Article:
Nicholas would say. I had the feeling he had a need to be seen as the big fish in a small pond, the mover, the shaker, the anointed one who knows people who know people and who stands frowning upon the frozen wastes of eternity like that stupid great cock from Fields of Nephlegm. I had the impression that he resented my presence and the fact that I was a slightly different and hopefully less stupid person than I had been when we last met. This evening had not been presented as an opportunity for us to play live, or for Churchill's punters to see some band from out of town. It had been a chance for me to admire the mighty regional empire of suffering artistry that Nicholas had built for himself, the greatness that outsiders like ourselves would never comprehend.

He then told me that we could play for twenty minutes so as to allow the Happy Shoppers to perform a full set of what I remember as being covers of punk hits from the early eighties. Academy 23, who had hired a van and driven all the way down from London, who had released a CD and brought fifteen or so paying guests to a club which was still conspicuously much less than full - we were to be allowed twenty minutes contrary to what had been promised. I knew this was bullshit, just some weird little power game, because it was given as an instruction without apology.

I thought of my former friend, still wheeling out the same miserable songs from years gone by to a diminishing audience, no longer able to keep a band together without alienating every other member, still with the new girlfriend every six months, the endless cycle of supposed castrating harpies who could never truly know the tortured man-poet inside. I thought of all those years of whining and wearing self-pity as a virtue, as some sort of badge of courage; still in Chatham, the Medway delta Jim Morrison show now in its second decade. Everything that ever made the list of slings and arrows had always been something done to him: he'd been made homeless; he'd been made a junkie by some external force; he'd been made to drink himself senseless and cheat on whichever women currently just didn't understand because that was how it all worked. He'd probably wanted to slip on a condom but I'm sure she told him no, it'll be fine, trying to trap and control him just like they all did.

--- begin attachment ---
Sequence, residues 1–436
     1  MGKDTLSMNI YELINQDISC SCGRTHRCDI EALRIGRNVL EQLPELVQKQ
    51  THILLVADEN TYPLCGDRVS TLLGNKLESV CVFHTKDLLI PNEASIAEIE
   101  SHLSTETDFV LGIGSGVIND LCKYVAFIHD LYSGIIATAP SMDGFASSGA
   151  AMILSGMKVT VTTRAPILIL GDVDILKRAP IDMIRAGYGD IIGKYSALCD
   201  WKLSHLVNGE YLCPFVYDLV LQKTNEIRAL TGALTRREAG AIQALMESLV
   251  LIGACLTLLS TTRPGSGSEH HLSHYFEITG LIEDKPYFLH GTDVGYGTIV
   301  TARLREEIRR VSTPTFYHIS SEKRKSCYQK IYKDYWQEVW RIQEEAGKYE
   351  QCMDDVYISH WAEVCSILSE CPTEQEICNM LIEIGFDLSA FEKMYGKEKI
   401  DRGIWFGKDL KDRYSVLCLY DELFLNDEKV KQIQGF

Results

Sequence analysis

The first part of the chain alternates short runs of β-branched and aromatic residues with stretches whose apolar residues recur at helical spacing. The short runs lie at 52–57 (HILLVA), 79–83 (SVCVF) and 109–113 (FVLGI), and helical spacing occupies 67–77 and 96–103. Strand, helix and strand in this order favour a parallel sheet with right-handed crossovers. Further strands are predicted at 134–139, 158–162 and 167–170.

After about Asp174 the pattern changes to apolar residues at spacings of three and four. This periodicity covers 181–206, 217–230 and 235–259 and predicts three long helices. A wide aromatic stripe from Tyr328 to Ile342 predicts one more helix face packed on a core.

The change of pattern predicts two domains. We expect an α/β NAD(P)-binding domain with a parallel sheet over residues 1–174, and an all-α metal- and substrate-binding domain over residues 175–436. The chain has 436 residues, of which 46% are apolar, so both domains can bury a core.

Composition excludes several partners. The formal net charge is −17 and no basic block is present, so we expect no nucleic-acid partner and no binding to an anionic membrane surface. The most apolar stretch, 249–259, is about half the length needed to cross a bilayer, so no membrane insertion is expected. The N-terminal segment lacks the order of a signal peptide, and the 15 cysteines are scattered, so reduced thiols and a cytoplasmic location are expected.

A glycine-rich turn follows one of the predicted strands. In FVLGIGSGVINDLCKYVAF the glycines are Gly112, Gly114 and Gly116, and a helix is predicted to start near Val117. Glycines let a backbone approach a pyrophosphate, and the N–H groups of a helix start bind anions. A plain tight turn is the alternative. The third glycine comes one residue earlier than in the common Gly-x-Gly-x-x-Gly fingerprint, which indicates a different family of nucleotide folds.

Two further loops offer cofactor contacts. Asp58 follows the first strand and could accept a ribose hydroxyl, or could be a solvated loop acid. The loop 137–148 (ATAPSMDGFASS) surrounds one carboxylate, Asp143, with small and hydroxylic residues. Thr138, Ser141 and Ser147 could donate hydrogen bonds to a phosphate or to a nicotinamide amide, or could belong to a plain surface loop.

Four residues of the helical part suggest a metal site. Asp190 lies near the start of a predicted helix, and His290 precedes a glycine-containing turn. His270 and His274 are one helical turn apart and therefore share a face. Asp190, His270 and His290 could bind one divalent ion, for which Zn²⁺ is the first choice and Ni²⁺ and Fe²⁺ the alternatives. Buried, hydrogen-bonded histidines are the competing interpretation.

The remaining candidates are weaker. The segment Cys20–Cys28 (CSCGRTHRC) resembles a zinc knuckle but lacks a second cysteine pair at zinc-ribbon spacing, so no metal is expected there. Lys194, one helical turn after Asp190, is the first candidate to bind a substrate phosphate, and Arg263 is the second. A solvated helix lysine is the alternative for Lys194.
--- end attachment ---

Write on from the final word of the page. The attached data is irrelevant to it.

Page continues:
It was weak and a little disgusting, and I remembered that I had once been a hayseed, wide-eyed exclaiming goll-ee! at the lights of the big city. We all make mistakes.

He still spelled his name Nikki in the spirit of an eight-year old girl doodling felt tip hearts and flowers on her school book, and yet here he was dishing out wearyingly mysterious advice on who should grow up, a man in his early thirties going on fifteen.

'Twenty minutes.'

I nodded to show that I had heard and understood the command, finished my drink and went downstairs.

We played the set we'd intended to play, the full forty ending with twelve-minutes of the progressive instrumental At The Academy, all the while ignoring glares from our host. The people we'd brought along seemed to enjoy it. Others didn't presumably on account of the fact that we weren't from Chatham, so they stood about giggling into their pints because we were a bit weird, not a single leather jacket or facial tattoo between us. The Happy Shoppers ran through Teenage Kicks and a number of other standards, finishing off with
Nicholas mumbling his grim, windy songs about no-one understanding and how his heart has turned to stone as a result.

I don't think he ever realised, but the problem was that most people understood him only too well. It had just taken me a little longer to catch up.